Mitel Goes Mobile

By Irwin Lazar
On Nov 18, 2015
Wednesday, November 18, 2015
I must admit that when I heard the news that Mitel had announced plans to acquire Mavenir in March of this year I didn’t give it much thought. Mitel had traditionally played in the enterprise communications space while Mavenir’s solutions were focused on helping mobile carriers transition to IP as they roll out VoLTE. It seemed more of a play to extend Mitel’s reach into the carrier space than to bring any additional value or features to Mitel’s business-focused cloud and premises-based platform offerings.

Having spent part of last week at Mitel’s annual analyst meeting in NYC I come away with a bit different view. Mitel shared a vision of using Mavenir to enable mobile carriers to deliver business focused offerings aimed at task and information workers, separating their market focus a bit from competitors who largely aim at solutions for knowledge workers. Mitel seeks to provide a platform that operators can use to embed real-time communications into business process applications, extending communications in context to improve specific processes. It also seeks to leverage IMS to enable interfacing of business apps with native mobile apps so that workers can use familiar built-in apps for voice, messaging, and video instead of separate mobile UC clients.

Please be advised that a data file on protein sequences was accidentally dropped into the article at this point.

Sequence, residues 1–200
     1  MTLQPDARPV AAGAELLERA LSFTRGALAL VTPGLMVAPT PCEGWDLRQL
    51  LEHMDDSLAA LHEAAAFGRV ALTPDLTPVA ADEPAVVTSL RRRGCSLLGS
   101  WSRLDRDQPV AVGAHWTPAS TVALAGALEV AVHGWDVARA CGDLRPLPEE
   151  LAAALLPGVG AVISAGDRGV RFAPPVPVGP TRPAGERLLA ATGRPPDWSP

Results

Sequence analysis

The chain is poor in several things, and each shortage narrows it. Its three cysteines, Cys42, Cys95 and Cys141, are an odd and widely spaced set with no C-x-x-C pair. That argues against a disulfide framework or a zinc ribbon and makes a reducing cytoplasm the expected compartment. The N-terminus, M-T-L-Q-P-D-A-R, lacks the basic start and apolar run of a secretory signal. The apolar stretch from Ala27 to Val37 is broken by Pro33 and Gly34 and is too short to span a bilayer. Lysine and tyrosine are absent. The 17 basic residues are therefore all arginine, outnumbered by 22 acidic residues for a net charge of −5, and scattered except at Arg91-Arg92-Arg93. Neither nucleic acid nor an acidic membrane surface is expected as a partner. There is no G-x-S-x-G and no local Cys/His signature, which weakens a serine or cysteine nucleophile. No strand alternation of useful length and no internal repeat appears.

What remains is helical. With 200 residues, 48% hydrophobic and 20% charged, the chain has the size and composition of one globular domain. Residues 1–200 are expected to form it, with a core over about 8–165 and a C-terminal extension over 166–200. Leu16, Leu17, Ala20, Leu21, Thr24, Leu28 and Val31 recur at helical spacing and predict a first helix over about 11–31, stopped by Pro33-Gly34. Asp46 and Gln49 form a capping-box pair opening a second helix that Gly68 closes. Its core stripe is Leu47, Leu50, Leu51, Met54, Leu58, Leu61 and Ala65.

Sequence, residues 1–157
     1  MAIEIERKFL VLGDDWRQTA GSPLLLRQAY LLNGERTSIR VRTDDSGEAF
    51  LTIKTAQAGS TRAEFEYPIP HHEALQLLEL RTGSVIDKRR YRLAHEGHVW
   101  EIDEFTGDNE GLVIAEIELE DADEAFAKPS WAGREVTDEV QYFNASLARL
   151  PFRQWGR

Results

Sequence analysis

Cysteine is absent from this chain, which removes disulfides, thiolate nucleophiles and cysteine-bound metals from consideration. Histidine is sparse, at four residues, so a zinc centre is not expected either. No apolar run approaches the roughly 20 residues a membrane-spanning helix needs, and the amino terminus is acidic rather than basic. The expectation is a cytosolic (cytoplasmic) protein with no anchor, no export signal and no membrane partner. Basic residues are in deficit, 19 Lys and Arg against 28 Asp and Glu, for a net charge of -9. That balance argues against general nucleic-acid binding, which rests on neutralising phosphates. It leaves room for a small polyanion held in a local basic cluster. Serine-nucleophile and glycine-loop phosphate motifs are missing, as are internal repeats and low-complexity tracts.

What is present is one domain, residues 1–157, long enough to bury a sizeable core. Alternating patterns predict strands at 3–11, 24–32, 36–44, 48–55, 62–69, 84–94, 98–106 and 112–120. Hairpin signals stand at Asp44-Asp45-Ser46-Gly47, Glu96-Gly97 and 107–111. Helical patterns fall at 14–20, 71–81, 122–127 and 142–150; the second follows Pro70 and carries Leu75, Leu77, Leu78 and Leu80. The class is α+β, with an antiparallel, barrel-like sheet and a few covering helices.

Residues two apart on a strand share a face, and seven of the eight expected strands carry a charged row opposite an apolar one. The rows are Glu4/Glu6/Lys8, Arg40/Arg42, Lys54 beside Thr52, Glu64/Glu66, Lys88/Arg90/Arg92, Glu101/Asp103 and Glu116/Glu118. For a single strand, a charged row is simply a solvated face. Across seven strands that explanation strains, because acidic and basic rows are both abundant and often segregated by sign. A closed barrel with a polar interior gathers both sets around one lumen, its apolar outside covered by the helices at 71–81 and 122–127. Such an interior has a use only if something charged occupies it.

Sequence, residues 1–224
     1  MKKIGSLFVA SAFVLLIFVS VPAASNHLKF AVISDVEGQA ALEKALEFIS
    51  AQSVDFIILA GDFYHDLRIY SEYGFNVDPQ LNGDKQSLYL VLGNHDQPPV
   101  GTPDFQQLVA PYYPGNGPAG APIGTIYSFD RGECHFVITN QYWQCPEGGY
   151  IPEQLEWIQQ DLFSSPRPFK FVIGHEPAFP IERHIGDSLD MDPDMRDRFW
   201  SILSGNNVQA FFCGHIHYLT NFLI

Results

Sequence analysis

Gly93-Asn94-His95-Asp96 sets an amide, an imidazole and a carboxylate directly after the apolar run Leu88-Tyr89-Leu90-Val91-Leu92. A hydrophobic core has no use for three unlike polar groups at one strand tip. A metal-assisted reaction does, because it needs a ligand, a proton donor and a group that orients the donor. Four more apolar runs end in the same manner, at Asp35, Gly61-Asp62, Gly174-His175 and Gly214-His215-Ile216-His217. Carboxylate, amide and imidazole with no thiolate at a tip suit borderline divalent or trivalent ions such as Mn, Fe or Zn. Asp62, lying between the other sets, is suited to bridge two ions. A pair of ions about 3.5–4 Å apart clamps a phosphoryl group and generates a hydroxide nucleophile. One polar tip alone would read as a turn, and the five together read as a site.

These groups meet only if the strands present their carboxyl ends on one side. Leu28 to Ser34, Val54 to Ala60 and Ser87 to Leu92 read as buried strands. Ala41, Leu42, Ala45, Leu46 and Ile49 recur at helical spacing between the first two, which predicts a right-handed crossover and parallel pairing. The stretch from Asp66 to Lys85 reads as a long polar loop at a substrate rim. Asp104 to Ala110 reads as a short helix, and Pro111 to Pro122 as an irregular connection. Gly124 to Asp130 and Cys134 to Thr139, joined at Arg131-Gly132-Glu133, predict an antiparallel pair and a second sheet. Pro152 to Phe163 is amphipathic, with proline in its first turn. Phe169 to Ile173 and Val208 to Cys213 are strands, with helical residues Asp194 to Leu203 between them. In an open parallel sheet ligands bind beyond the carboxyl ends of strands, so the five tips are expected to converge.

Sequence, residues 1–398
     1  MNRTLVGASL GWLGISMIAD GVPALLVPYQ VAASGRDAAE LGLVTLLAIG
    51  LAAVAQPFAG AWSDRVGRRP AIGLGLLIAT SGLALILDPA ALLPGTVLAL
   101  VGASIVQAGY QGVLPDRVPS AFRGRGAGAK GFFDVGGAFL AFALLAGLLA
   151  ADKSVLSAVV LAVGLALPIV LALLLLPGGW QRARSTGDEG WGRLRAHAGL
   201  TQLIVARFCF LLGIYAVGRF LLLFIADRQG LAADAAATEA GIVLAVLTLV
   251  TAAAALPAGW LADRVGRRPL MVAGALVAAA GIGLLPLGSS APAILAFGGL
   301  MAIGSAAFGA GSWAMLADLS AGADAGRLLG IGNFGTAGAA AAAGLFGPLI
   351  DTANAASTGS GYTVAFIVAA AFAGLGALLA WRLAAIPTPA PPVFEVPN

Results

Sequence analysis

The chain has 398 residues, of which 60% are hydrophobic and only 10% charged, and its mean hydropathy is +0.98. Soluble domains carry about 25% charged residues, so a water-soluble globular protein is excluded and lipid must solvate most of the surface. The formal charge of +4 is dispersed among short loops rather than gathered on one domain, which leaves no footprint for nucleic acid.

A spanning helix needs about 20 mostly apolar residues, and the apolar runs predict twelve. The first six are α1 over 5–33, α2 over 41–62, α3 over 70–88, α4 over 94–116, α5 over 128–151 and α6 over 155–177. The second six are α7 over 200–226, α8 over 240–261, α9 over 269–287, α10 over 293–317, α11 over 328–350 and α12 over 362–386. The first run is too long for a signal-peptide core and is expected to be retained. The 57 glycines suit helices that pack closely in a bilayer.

Mitel may be on to something. For instance, our 2015-16 UC&C benchmark showed that use of mobile apps for video is still low, with less than 7% regularly using video on smartphones, and less than 4% for tablets. The challenges of delivering mobile UC clients that function within secure mobile containers or app wrappers further limit the success of mobile UC initiatives. Meanwhile, more than half of IT leaders we interviewed are looking to integrate UC capabilities into their business apps.

The big challenge for Mitel is convincing service providers that are largely focused on winning consumer business that there’s an untapped, and potentially lucrative market for business services. Already we’re seeing managed mobile offerings that bridge wireless and wired from carriers like Sprint. Longer term, it behooves carriers to fight OTTP with their own offerings that play to their strengths in network delivery and ability to embed capabilities into native mobile phone apps.